Saying Thanks To Madiba – Nelson Mandela Gave Us A Roadmap

In 1990 Nelson Mandela came to Detroit as a stop on his tour of cities in the USA. He was quite a speaker and just as charming when we met him.

Mr Mandela told us that we had a mission to live the best life we could; regardless of what others might believe we deserved. He told us to reach for our dreams and achieve them proudly.

This stuck with me all my life and since then I’ve felt a kind of strange kinship with him. I’ve watched as he toured the world, and opened the Olympics. I saw him speak to the United Nations and even Become President of South Africa.

Mr Mandela gave me a lot of hope for a future that would allow my dreams for my son to be as bright as the future he envisioned for all children. He said Never under any circumstances abandon your dreams. He said to “Live Them Everyday” and to “Work to Push Forward”.

He heard of our efforts in the MSU OFF McGoff Campaign and it was a magical moment. He knew that John MCGoff was a huge financier of projects in South Africa; as well as at MSU. He congratulated us for bridging the gap with the South African Exchange Students and the ANC.

“Real leaders must be ready to sacrifice all for the freedom of their people.”


Nelson R. Mandela

He said that we were moving toward the goal and making a path for him to return. That was more praise than I ever expected to hear in my entire life.

Yes he knew that We Loved Him. He knew that We Never Abandoned Him. He knew that We Joined Him in battling for an end to apartheid.

For that we were all grateful

Today when we heard the news that he had transitioned to be one of our ancestors; we knew that he passed the torch and that he would be looking down on us expecting us to remember those words he gave to us so long ago.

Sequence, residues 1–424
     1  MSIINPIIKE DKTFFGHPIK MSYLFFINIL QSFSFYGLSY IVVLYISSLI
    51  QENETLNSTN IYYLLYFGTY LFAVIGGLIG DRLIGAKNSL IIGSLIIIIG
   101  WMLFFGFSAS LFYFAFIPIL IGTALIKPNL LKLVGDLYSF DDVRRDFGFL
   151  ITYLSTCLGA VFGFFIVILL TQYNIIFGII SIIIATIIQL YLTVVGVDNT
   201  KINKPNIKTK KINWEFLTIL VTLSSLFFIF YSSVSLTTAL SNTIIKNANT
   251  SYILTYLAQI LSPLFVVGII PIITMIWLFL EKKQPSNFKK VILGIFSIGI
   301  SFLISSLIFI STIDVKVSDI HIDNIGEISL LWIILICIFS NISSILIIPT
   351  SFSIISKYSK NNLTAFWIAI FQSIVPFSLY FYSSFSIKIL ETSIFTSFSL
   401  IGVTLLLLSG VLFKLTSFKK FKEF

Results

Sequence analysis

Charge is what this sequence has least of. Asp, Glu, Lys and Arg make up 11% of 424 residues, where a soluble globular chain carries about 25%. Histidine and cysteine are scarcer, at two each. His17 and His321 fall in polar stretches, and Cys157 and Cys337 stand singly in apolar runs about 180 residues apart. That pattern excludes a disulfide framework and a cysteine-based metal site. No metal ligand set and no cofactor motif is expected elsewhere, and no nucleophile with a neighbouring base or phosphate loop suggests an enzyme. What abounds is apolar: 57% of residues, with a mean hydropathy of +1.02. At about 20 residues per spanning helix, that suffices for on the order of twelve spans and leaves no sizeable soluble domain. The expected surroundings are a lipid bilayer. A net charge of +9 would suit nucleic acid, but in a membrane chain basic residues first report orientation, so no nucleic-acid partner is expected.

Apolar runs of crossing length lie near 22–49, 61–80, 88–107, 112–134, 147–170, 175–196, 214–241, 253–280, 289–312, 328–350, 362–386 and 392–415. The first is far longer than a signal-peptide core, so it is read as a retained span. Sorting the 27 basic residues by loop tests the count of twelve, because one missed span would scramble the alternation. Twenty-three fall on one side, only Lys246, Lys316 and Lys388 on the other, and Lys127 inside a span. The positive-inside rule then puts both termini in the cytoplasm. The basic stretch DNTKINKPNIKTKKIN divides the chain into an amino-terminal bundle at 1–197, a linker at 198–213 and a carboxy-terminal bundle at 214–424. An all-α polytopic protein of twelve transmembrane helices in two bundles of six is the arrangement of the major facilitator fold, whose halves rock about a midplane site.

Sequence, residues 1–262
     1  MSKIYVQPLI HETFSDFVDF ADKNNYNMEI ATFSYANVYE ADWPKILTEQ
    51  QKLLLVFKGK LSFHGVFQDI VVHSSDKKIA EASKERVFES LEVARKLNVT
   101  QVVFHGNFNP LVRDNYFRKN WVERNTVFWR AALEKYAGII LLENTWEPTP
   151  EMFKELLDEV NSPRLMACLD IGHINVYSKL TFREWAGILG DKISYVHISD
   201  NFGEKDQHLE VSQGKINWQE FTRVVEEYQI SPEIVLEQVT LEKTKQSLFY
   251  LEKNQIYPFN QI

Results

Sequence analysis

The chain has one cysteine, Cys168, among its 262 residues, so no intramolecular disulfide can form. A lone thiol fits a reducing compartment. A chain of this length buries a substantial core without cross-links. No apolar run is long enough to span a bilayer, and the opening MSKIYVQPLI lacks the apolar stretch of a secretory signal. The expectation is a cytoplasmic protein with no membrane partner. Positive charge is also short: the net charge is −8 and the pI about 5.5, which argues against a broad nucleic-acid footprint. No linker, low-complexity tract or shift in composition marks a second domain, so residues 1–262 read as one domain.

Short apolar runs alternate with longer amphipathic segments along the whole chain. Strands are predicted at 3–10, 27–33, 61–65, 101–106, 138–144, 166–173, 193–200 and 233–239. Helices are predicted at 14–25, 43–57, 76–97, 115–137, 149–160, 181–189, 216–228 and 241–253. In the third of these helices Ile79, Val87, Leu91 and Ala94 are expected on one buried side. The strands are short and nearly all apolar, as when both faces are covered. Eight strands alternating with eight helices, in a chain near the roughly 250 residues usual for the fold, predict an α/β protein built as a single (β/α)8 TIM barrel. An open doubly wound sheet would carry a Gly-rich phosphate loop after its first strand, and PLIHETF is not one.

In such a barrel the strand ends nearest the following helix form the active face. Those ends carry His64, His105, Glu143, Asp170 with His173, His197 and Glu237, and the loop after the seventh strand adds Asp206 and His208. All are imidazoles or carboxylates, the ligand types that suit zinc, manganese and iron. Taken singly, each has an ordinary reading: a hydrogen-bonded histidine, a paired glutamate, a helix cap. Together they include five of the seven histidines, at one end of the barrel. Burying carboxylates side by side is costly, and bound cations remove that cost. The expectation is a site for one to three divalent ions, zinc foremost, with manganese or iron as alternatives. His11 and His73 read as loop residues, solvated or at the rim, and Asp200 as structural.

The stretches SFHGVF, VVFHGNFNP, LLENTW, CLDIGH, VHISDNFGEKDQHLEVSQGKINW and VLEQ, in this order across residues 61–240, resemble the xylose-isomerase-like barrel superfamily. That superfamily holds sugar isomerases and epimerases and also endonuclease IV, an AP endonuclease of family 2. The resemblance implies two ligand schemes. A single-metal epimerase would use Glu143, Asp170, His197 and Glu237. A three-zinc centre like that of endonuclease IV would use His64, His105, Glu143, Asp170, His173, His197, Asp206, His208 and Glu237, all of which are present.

“Never Abandon Your Goal” and smiling when he saw us all sharing his lessons to another generation. Yes Madiba we all remember your words; and we will never forget our mission.

Amandla Awetu Madiba !

In June 1964, Nelson Mandela was convicted of sabotage for his role as an ANC activist against the former apartheid regime of South Africa, in which only white people were allowed to vote. Mandela had been accused of  inciting strikes by workers and leaving the country without permission of the government.

Before he was sentenced, he made a famous “speech from the dock,” which ends with the words — in reference to his ideals and his country — “I am prepared to die.”

The Mandela Foundation describes the trial this way:

In the Rivonia Trial Mr Mandela chose, instead of testifying, to make a speech from the dock and proceeded to hold the court spellbound for more than four hours. His speech, which was made at the beginning of the defence case, ended with the words:

“During my lifetime I have dedicated myself to this struggle of the African people. I have fought against white domination, and I have fought against black domination. I have cherished the ideal of a democratic and free society in which all persons live together in harmony and with equal opportunities. It is an ideal which I hope to live for and to achieve. But if needs be, it is an ideal for which I am prepared to die.”

The full speech transcript is here.

Mandela (with Walter Sisulu, Govan Mbeki, Raymond Mhlaba, Elias Motsoaledi, Andrew Mlangeni, Ahmed Kathrada and Denis Goldberg) were sentenced to life in prisonment. Mandela spent the better part of the next three decades as a prisoner on Robben Island.

Upon his release in 1990, a day that was the beginning of the end of apartheid, Mandela made another famous speech, in front of 100,000 people in Johannesburg. It was broadcast live around the world. For most people, it was the first time they had seen or heard Mandela since the early 1960s.


“To deny people their human rights is to challenge their very humanity.” — Nelson Mandela (1918-2013)
“Death is something inevitable. When a man has done what he considers to be his duty to his people and his country, he can rest in peace. I believe I have made that effort and that is, therefore, why I will sleep for the eternity.”
Nelson Mandela
(18 July 1918 – 5 December 2013)

Nelson Mandela was a master of forgiveness. 

That’s how the AP opened the breaking news that Nelson Mandela had passed away.  This amazing man spent a third of his life as a prisoner of apartheid, yet he showed the world how to embrace peace with your enemies instead of returning evil for evil.

He will be remembered for many things, but I admire him most for his courage and loving heart, devoid of all bitterness and resentment.

If you would like to keep Mr. Mandela’s legacy alive, you can support the Nelson Mandela Foundation, the Nelson Mandela Children’s Fund and The Mandela Rhodes Foundation. For details, please click here.

We Will Forever Remember – FREEDOM Amandla Awetu Madiba!